"On first blush, a parent would think that's good, they don't have a problem with sexual assault on their campus, but it's not good, it's very bad because that means they are either in denial or incompetent," McCaskill said.
Federal law requires every institution that knows about a sexual violence incident to investigate, she noted. She said schools should investigate even if the end result is that the victim isn't participating and there's no corroboration. Under some estimates, 1 in 5 college females is assaulted.
The prevalence of sexual assaults on college campuses took on new focus in the wake of the Jerry Sandusky case at Penn State and after a high-profile battle on Capitol Hill about military sexual assault led college campus assault victims to demand the same attention.
Meanwhile, the Education Department and a White House task force on campus sexual assault have taken a series of steps to draw attention to the treatment of sexual assault victims and force campuses to address the problem.
In Congress, McCaskill is part of a group of senators exploring ways to address the issue legislatively. She said the survey was needed so they had a better grasp of how campuses handle such cases.
McCaskill said the senators are looking at ways to empower victims, simplify laws and rules colleges and universities follow and find ways that campuses and local authorities can better coordinate. She chairs a subcommittee with jurisdiction over Title IX, which prohibits gender discrimination at institutions receiving federal funds.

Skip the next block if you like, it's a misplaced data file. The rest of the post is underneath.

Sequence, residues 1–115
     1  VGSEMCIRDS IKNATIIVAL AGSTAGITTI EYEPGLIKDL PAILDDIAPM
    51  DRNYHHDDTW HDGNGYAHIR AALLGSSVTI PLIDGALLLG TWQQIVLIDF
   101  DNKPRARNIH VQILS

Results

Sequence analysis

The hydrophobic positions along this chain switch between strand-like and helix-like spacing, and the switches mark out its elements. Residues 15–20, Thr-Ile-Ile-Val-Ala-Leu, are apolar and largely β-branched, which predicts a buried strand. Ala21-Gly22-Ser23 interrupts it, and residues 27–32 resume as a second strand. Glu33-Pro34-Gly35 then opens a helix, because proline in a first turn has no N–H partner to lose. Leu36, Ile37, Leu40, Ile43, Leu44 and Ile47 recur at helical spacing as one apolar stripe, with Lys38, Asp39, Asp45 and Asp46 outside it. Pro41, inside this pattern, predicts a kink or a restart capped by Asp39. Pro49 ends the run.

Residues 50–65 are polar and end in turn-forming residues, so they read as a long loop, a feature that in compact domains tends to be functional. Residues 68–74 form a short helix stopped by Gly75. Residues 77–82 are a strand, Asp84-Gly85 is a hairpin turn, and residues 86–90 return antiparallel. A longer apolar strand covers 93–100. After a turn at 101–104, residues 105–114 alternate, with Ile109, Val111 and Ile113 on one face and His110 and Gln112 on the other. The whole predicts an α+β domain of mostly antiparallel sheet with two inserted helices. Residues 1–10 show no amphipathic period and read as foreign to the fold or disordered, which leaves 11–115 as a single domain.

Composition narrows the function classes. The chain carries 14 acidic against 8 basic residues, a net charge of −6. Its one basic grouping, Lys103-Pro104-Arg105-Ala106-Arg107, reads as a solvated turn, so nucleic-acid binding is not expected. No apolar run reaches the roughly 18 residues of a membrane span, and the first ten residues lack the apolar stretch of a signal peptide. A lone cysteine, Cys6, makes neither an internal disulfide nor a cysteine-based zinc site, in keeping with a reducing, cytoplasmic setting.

Ada Meloy, general counsel of the American Council on Education, which represents college presidents, said if victims want to maintain confidentiality, it is "extremely difficult to conduct an investigation." She said many college officials want to work more with local authorities, but local authorities are hesitant to take such cases because they are difficult to successfully prosecute.
Meloy said her organization is disappointed by the report and says it fails to describe how hard colleges and universities are working to address the problem under a complex and confusing set of federal guidelines and laws.
About 40 percent of schools said they have sworn law enforcement officers on campus, while many others have private security and about half rely on local authorities. Thirty percent said campus police and security guards aren't required by law or institutional policy to be trained to respond to reports of sexual violence.
Only about a quarter of the schools said they have written protocols between campus and local authorities for handling such cases.
Most schools said they use a "team" response to reports of sexual assault, but only about a quarter incorporate the local prosecutor's office on the team.
Among the other findings:
More than 20 percent of respondents provide no sexual assault training for all faculty and staff.
More than 30 percent of schools do not provide sexual assault training for students.
About half of the participating colleges and universities do not provide a hotline for sexual assault victims.
About 16 percent of respondents conduct "climate surveys" to gauge the number of such cases that are going unreported.
About 10 percent said they don't have a Title IX coordinator.
"Many institutions continually violate the law and fail to follow best practices in how they handle sexual violence," McCaskill said.
The findings come from a survey of 440 four-year colleges and universities of different sizes with 236 colleges and universities responding. Participating schools weren't named.